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Hospitals hit by virus

Hundreds of local workers furloughed

By ADAM URQUHART - Staff Writer | Apr 17, 2020

The main entrance on the Prospect Street side of Southern New Hampshire Medical Center was devoid of foot traffic Thursday afternoon. The hospital's parent company announced furloughs and salary reductions on Thursday. Telegraph photo by DEAN SHALHOUP

NASHUA – Hundreds of hospital staff members in Nashua and Manchester have been temporarily furloughed as health care officials navigate the COVID-19 crisis.

Sherry Hausmann, president and CEO of SolutionHealth, announced that 650 staff members between both hospitals have been temporarily furloughed, while a 15 percent salary reduction has been implemented for SolutionHealth senior leaders. SolutionHealth is the parent company of Nashua’s Southern New Hampshire Medical Center and Manchester’s Elliot Health System.

Suzanne Tammaro, vice president of market and development, the furloughs are temporary. Those employees who have been furloughed still will maintain full benefits, and officials will work with them to apply for unemployment benefits. Additional changes also have been implemented, including approximately 750 employees who now are working reduced hours or have a reduced salary as a result of low activity in their work settings. SolutionHealth employs about 7,000 people, and approximately 20 percent of their workforce has been impacted by the changes.

“… The employees that have been affected by this are largely nonessential people,” Tammaro said.

A lot of off-site practices have been pivoting more toward telemedicine, and there are other staff in those practices and businesses offices that either do not have much to do or nothing to do. Some of those nonessential staff include areas such as phlebotomists, radiology and other types of support that are necessary in an ambulatory setting, or non-hospital setting. To ensure social distancing and safe patient care, officials have decided to consolidate.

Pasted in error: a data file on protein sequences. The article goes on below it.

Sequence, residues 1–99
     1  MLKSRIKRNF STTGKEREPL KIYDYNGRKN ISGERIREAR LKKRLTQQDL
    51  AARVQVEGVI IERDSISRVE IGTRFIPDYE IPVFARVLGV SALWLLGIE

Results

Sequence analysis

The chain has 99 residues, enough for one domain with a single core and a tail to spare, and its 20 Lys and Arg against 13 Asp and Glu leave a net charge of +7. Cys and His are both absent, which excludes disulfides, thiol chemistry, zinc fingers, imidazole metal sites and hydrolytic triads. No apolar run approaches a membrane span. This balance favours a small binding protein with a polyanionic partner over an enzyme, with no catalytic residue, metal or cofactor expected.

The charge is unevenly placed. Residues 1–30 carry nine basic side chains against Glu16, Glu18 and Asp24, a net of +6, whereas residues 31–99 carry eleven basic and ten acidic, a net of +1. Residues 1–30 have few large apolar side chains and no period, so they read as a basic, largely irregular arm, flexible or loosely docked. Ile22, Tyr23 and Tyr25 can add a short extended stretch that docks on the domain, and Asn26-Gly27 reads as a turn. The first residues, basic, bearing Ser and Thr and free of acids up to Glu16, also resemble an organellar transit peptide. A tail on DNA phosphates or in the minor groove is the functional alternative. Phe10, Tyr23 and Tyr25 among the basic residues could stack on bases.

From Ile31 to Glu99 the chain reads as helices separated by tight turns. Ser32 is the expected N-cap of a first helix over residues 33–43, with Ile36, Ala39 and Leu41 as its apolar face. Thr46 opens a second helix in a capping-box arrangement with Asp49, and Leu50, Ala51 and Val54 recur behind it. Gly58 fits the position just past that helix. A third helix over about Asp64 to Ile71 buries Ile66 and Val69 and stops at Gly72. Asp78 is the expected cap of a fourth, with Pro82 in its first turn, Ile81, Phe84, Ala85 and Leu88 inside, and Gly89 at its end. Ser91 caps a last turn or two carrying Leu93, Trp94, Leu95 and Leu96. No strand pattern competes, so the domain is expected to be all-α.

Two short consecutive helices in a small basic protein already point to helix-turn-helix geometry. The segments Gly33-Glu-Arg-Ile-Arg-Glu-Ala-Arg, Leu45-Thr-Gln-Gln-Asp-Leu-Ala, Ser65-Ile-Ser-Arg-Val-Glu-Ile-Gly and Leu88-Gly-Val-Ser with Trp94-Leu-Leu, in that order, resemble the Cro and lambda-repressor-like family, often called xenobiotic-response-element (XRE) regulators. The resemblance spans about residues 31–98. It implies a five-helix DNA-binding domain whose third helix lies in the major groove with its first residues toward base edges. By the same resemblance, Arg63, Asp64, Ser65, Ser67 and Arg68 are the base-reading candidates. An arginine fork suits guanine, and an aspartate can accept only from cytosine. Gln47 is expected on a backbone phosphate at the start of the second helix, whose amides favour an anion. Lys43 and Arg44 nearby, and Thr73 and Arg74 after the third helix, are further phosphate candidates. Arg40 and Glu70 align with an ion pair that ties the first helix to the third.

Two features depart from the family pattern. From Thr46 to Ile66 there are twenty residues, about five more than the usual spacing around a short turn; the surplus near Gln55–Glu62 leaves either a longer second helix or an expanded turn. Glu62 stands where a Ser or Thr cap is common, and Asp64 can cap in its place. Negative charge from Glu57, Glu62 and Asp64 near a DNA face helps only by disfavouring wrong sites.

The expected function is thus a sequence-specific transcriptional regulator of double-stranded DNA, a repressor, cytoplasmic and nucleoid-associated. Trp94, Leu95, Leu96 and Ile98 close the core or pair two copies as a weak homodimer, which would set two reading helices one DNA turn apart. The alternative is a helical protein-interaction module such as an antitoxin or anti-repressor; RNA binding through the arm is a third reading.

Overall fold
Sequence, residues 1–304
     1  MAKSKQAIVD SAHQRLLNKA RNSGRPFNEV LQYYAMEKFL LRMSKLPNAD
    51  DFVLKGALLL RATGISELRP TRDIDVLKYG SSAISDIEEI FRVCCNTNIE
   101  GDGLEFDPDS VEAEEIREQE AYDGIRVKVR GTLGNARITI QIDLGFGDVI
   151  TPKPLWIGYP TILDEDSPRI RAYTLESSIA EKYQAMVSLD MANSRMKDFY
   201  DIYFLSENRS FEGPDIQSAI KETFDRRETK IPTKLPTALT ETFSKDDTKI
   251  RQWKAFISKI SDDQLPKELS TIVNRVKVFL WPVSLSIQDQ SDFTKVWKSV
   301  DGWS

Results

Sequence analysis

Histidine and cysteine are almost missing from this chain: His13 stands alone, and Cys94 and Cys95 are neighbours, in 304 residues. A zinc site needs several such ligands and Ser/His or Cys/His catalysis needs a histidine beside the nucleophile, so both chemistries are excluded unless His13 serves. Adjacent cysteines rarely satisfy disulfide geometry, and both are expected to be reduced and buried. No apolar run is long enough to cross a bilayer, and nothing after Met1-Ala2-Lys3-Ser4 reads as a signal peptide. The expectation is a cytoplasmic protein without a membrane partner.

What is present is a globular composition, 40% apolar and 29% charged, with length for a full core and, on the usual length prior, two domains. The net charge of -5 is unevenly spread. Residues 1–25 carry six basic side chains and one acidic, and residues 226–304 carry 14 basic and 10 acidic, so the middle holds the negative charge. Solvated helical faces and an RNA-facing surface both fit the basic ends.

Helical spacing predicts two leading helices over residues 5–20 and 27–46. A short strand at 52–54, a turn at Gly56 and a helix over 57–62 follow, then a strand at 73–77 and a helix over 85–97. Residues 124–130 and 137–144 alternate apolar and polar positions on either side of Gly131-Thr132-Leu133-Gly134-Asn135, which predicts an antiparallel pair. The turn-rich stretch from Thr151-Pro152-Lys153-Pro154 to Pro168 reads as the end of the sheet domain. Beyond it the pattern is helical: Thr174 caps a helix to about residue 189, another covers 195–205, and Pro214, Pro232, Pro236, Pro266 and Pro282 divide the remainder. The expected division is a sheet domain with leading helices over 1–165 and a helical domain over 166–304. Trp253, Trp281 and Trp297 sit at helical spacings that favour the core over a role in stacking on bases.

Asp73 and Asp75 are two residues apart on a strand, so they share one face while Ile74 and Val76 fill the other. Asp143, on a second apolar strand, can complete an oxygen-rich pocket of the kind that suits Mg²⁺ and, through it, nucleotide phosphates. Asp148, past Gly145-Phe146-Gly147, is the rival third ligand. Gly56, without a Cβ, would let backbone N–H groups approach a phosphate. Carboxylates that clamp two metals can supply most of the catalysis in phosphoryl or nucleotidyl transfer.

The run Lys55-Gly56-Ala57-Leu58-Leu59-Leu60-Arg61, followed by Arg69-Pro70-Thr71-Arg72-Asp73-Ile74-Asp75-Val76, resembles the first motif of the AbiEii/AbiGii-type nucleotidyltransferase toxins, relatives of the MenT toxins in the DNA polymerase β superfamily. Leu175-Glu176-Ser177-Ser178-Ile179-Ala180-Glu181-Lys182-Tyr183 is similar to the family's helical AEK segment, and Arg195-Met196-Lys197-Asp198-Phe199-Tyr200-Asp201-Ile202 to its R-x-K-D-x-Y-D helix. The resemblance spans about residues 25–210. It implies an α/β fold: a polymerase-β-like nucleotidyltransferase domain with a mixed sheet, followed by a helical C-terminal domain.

“There’s a couple of labs that are open, there are a couple of X-ray facilities that are open, and all of the staff that are needed to run those off-site may not be needed right now,” Tammaro said.

Over the last several weeks, officials have been evaluating and assessing operations so they are respectful of the people who either do not have work to do or people who have been part of the COVID-19 challenge, and for COVID-19-related reasons cannot work because they do not have child care or have sick family members, for example. Tammaro said there are a lot of people who can work remotely and support the system from home, but that there are a lot of people who do not have work to do.

“With all of this social distancing, there’s not as much needed for acute care,” Tammaro said. “Yes, people are still having heart attacks and still having babies and still getting hurt and injured, but it seems like the need for care has diminished somewhat, and it probably is because people are staying close to home and there’s not as much happening.”

SolutionHealth stopped all nonessential activities in mid-March, which has cut their revenue in half, officials said. Thursday’s announcement states they have invested in rapid preparation for the predicted surge of patients by purchasing ventilators and personal protective equipment, cross training staff for redeployment and are adding more than 100 beds to acute care settings. Officials estimate they will lose more than $24 million per month.

A telemedicine model has been implemented at each of the hospitals to ensure patients still can receive care safely and effectively.

Adam Urquhart may be contacted at 594-1206, or at aurquhart@nashuatelegraph.com.

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